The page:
A NORTH-EAST woman has warned US officials that their country's blood and plasma supply could be contaminated with the human version of mad cow disease.

Written evidence from Carol Grayson, from Jesmond, Newcastle, has been submitted to the US Food and Drug Administration (FDA).

Her letter was included in material presented to the agency's transmissible spongiform advisory commiteee, when it met in Silver Spring, Maryland, two days ago.

Apart from concern at US blood supplies being contaminated, Mrs Grayson is also worried about the safety of US plasmas imported by the UK, because of fears that the British supply could already be contaminated with variant Creutzfeldt Jacob Disease, or vCJD.

Mrs Grayson, whose husband, Peter Longstaff, 43, is a haemophiliac who is said to be showing the first signs of vCJD, told the FDA that she knows of cases in which European and UK nationals, who could be harbouring vCJD, have donated blood and plasma in the US while visiting as students or tourists.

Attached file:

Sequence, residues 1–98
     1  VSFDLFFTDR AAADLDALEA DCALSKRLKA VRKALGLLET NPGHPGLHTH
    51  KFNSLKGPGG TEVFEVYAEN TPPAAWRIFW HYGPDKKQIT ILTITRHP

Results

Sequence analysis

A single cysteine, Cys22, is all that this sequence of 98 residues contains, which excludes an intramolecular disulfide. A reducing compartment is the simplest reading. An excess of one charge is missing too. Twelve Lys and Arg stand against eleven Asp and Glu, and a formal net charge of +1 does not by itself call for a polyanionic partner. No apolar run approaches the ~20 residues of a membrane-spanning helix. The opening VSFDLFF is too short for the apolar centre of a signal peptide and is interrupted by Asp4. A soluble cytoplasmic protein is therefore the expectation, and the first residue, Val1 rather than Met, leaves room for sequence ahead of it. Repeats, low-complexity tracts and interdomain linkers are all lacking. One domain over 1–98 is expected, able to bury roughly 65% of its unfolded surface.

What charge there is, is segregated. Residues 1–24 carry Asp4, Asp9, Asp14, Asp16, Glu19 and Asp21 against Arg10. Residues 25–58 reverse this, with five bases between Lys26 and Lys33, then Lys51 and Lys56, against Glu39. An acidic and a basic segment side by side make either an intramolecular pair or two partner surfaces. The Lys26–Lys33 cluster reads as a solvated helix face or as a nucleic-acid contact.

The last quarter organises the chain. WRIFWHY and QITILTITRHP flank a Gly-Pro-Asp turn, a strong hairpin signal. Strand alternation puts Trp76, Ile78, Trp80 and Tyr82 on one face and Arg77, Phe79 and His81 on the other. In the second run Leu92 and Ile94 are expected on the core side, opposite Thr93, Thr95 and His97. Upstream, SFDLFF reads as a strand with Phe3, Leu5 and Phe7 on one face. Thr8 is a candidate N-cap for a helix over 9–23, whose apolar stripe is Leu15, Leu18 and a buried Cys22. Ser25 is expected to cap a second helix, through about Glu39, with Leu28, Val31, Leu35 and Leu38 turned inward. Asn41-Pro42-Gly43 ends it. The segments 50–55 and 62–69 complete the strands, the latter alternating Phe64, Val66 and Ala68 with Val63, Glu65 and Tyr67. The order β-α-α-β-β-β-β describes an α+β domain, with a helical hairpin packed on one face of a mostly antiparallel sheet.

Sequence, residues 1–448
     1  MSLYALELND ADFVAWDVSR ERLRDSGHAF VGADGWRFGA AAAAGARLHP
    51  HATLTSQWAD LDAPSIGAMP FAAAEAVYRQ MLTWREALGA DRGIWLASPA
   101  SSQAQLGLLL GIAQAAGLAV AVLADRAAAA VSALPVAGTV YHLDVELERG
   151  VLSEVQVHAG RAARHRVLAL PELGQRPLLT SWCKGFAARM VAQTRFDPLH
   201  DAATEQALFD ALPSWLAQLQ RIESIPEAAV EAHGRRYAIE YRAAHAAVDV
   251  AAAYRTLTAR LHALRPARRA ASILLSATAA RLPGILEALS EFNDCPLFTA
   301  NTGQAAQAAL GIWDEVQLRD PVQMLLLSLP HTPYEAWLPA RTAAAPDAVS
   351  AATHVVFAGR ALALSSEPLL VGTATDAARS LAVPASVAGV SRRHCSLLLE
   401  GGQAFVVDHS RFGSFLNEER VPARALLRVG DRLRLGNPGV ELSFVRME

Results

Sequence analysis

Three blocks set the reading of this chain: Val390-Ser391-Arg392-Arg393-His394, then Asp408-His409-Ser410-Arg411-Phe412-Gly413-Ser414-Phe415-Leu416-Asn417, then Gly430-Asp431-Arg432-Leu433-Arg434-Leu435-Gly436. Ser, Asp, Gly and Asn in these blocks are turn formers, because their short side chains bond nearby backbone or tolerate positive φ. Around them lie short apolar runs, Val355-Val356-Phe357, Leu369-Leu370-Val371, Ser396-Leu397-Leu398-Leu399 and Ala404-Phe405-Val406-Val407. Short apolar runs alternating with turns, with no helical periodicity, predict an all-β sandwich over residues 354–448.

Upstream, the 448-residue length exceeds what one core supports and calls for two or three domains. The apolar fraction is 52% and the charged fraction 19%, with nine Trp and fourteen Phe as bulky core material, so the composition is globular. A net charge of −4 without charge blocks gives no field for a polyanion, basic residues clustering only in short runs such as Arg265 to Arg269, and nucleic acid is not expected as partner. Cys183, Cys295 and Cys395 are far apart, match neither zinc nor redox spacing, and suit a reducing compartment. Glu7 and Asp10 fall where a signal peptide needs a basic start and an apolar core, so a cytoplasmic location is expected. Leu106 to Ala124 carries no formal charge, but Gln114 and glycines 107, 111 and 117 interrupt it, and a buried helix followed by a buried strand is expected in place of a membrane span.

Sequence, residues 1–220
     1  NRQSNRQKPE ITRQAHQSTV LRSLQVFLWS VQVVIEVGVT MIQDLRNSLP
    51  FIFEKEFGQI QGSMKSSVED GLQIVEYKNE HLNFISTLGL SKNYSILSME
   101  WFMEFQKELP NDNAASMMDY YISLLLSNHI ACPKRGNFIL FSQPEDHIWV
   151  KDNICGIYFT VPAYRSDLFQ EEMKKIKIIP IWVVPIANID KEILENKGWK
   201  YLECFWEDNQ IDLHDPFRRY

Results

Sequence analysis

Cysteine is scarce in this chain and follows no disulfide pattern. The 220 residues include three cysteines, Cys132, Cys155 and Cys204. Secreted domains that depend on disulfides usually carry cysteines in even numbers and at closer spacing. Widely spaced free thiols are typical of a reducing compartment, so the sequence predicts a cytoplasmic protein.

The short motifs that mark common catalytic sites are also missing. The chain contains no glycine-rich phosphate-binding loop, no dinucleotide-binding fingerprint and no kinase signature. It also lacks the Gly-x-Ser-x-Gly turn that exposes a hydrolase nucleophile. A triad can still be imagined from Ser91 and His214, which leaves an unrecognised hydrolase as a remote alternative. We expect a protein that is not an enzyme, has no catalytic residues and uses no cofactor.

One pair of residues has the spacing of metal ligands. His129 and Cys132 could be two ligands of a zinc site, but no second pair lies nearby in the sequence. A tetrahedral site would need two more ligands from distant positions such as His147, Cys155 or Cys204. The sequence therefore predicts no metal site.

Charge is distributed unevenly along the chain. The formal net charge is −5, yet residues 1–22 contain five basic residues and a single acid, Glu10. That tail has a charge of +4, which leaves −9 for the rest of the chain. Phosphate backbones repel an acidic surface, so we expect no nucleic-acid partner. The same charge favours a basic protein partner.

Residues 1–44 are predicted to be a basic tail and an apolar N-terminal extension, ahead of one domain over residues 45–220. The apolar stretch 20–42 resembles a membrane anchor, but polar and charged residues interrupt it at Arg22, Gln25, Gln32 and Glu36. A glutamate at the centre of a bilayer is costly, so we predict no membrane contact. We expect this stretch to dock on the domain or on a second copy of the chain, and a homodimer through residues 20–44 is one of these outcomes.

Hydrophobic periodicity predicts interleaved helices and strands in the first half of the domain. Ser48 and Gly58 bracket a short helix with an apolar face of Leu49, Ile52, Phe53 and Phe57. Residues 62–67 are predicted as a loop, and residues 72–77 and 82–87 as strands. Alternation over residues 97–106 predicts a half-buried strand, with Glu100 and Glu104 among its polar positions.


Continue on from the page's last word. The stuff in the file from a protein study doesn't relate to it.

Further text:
vCJD is an incurable brain disease, which is believed to be contracted from eating beef products contaminated with mad cow disease, also known as bovine spongiform encephalopathy, or BSE.

"I am aware that over the years ,citizens from European countries with cases of BSE/vCJD have sold their blood in the US and been accepted as donors," her letter said.

"Even if this practice has stopped, if vCJD is transmittable via blood products, is there not a risk that vCJD could already have been in the blood supply and that American recipients may be incubating vCJD?" Mrs Grayson asked.

The TSE advisory committee will consider whether FDA policies for blood donors are adequate to ensure the safety of the US blood supply. This follows two recent cases in the UK of people developing vCJD after blood transfusions.